In a region accustomed to jackhammers, cranes and other signs of growth, the latest student enrollment numbers may seem strange.
For the first time in at least a couple of decades, Georgia’s student population has flatlined.
It’s even happened in Gwinnett County, with its reputation for building new schools as regularly as a clock’s minute hand spins. The long-booming suburb — metro Atlanta’s master bedroom — added about 500 students, a tiny fraction of a total enrollment approaching 180,000. Other big metro counties went backward. Cobb was down about 200, while DeKalb and Fulton lost about 1,000 apiece.
State funding is tied to enrollment, and these districts have been accustomed to increases driven by more kids. The new enrollment trend could put pressure on local property taxes.
These aren’t one-time losses, either. An Atlanta Journal-Constitution analysis of state enrollment numbers shows Cobb, DeKalb and Fulton counties have sustained multiyear losses, DeKalb for the past three years and Cobb and Fulton for the past two.
Even in the city core, where new buildings are popping up like wild cubs in spring, enrollment has stalled. Atlanta Public Schools added about 200 students this school year and, like Gwinnett, has grown 2 percent since fall 2015.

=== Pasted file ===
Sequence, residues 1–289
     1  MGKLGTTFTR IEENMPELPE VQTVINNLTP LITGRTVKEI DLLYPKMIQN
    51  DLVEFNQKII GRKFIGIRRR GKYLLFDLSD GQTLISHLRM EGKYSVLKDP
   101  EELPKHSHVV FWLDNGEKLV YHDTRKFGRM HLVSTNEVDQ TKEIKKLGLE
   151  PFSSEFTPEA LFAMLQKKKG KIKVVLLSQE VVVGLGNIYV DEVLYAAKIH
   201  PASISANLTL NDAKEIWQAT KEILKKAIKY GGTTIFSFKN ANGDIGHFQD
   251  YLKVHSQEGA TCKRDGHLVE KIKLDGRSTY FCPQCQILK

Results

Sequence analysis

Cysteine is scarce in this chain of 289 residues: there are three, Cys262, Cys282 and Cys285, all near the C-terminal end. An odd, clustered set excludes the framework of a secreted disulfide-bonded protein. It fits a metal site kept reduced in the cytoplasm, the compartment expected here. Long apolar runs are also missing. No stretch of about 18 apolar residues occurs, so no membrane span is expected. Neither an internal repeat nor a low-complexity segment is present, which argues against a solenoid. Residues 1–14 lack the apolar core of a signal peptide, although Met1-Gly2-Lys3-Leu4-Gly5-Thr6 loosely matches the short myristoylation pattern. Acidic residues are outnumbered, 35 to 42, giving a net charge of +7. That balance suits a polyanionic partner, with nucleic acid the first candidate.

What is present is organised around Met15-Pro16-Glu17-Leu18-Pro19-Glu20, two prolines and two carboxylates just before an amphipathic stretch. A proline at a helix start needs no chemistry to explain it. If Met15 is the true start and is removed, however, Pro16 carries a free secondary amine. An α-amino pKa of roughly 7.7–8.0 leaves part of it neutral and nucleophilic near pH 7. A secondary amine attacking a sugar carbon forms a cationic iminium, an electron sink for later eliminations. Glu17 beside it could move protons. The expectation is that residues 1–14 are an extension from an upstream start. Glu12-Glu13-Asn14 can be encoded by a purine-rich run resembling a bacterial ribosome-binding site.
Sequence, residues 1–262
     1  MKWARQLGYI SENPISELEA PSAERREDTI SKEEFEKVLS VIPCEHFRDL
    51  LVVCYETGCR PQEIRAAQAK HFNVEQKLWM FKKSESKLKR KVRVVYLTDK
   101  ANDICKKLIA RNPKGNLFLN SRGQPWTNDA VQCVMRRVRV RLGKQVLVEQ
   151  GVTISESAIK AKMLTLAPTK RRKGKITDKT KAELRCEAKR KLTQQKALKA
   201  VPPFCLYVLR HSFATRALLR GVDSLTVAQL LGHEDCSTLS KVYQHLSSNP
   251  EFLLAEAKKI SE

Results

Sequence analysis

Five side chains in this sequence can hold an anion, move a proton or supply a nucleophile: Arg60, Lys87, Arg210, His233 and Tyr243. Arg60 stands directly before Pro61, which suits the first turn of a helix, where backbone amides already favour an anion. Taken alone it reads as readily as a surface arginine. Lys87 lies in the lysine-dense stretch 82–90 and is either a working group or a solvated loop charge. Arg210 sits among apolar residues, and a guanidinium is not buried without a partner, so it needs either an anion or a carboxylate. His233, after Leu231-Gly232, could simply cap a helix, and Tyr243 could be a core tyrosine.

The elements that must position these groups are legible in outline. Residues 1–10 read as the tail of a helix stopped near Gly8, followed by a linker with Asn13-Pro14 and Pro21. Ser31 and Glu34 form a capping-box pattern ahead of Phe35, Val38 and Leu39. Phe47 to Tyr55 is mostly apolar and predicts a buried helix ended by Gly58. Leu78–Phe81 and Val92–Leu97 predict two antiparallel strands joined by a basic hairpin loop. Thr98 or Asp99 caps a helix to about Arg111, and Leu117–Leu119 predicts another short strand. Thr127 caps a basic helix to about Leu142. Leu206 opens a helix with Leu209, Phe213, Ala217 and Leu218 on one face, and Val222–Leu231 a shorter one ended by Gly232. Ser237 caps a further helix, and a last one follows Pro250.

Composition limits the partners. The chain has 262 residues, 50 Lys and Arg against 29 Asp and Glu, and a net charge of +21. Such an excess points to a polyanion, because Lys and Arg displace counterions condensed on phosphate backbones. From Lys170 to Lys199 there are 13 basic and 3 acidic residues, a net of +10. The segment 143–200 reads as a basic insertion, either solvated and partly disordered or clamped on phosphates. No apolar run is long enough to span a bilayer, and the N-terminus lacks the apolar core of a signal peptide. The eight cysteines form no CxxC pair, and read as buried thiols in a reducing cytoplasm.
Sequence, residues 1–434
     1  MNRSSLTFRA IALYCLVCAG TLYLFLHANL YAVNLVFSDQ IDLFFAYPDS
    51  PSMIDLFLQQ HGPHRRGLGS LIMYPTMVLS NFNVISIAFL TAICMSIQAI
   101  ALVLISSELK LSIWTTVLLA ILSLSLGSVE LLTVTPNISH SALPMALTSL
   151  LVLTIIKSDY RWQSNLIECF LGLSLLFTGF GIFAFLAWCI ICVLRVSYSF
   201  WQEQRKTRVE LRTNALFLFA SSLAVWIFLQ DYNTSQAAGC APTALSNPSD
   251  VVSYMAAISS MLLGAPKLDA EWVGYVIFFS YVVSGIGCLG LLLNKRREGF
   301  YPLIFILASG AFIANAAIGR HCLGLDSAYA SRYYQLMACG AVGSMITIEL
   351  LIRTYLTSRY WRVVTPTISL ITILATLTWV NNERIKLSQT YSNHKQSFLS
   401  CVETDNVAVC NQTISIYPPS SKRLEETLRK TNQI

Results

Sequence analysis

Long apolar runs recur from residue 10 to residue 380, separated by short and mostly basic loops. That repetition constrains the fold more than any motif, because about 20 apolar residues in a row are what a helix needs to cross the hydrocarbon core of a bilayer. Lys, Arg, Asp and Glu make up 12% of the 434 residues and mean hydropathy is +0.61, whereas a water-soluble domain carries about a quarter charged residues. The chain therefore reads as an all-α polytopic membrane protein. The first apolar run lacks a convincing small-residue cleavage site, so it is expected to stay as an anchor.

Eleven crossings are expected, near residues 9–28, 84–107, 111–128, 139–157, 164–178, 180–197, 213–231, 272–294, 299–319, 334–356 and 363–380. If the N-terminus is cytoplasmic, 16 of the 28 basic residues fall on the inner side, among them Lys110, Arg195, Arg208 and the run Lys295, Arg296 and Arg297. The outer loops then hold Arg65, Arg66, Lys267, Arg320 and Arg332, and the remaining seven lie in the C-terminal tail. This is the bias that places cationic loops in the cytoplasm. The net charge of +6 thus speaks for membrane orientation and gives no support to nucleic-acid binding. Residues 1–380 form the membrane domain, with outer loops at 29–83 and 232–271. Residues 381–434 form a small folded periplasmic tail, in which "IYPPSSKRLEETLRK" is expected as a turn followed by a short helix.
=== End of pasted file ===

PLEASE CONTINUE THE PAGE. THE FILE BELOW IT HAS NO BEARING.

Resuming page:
Overall, state enrollment fell by more than 1,400, the first decline since at least 1994.
The historic flattening of the growth curve — half a decade ago, the state was adding 20,000 students a year — is driven by a drop in births. The number of babies entering the world through Georgia plummeted in the six years after the peak in 2007, according to numbers compiled by the Georgia Department of Education, which keeps track since births are a good predictor for kindergarten enrollment six years down the road. By 2013, the number of newborns per year had dropped by more than 13 percent to around 130,000, from a high of about 150,000. The annual birth report hasn’t changed much since.
Ted Beck, the finance chief for the state education department, has been telling lawmakers that’s probably an effect of the Great Recession. Oddly, despite the stasis in enrollment, the state needs to add $113 million to the current budget for “growth” in schools.
That’s how much more the state funding formula says school districts are owed for enrollment changes even though they didn’t add students. That’s because the mix of students is becoming more costly: More are being diagnosed with disabilities and more are being identified as gifted. About one in three is in a higher cost category now, Beck said, up from nearly one in four two years ago.
“The number of students hasn’t grown but the … types of services these students are receiving has continued to push into more and more expensive categories,” he told members of a House of Representatives appropriations subcommittee Monday.
The education funding formula has the cost of such growth rising another $160 million next year.
Yet Beck noted that about a third of Georgia’s 180 school districts have yet to recover from the recession.
The additional funding will help them, but with the state and federal governments covering only about 60 percent of the cost of education, local taxpayers will have to shoulder the rest.
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